# Why doesn't the integrating factor e to an integral seem to use a constant of integra

1. Jan 31, 2010

### bennyska

whenever i see that integrating factor for solving a linear differential equation with
eint. p(x) dx and then multiplied out in the equation, there seems to be no constant. i tried solving an equation with it the other day, and got an incorrect solution because of it (i think. at least i got a correct solution when i neglected it).
why is this?

2. Jan 31, 2010

### torquil

Re: why doesn't the integrating factor e to an integral seem to use a constant of int

Check this example:

http://en.wikipedia.org/wiki/Examples_of_differential_equations

The section "Non-separable first-order linear ordinary differential equations". An arbitrary additive term in the integral in the exponential, can be written as a constant prefactor on $$\mu$$. Since the whole equation is multiplied by $$\mu$$, this is irrelevant for finding the solution.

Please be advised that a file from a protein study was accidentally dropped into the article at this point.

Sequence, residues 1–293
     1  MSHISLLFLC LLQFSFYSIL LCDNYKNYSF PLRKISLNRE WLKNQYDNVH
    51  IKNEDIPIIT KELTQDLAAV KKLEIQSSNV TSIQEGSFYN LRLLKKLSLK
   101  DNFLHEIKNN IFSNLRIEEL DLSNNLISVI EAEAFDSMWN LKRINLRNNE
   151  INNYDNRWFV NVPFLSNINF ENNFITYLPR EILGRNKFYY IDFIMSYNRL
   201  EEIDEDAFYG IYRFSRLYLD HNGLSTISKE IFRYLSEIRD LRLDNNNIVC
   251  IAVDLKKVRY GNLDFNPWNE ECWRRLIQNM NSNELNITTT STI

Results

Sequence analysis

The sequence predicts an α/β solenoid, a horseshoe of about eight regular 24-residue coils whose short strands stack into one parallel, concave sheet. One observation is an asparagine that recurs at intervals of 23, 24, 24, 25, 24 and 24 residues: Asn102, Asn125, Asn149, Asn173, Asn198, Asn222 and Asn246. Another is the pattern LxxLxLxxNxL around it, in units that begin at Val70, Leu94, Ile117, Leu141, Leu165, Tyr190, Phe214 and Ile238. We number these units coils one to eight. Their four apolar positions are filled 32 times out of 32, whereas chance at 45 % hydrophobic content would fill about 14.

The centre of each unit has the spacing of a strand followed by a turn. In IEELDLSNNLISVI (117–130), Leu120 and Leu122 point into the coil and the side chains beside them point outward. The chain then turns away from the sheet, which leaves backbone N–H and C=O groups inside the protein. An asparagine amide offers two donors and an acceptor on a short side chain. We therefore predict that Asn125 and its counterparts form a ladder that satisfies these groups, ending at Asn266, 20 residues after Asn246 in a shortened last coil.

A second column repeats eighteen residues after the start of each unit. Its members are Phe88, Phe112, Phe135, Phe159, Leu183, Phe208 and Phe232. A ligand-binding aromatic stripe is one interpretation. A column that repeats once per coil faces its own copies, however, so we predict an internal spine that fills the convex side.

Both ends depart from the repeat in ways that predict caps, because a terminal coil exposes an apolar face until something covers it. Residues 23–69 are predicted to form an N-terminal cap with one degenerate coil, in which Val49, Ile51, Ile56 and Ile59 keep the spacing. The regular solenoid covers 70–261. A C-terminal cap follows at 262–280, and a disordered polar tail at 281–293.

And you can se in the explicit expression for the final solution y that you have the freedom to redefine $$\mu$$ by multiplying it ba any nonzero number, since the parameter C is not determined.

Torquil

3. Jan 31, 2010

### bennyska

Re: why doesn't the integrating factor e to an integral seem to use a constant of int

cool, thanks.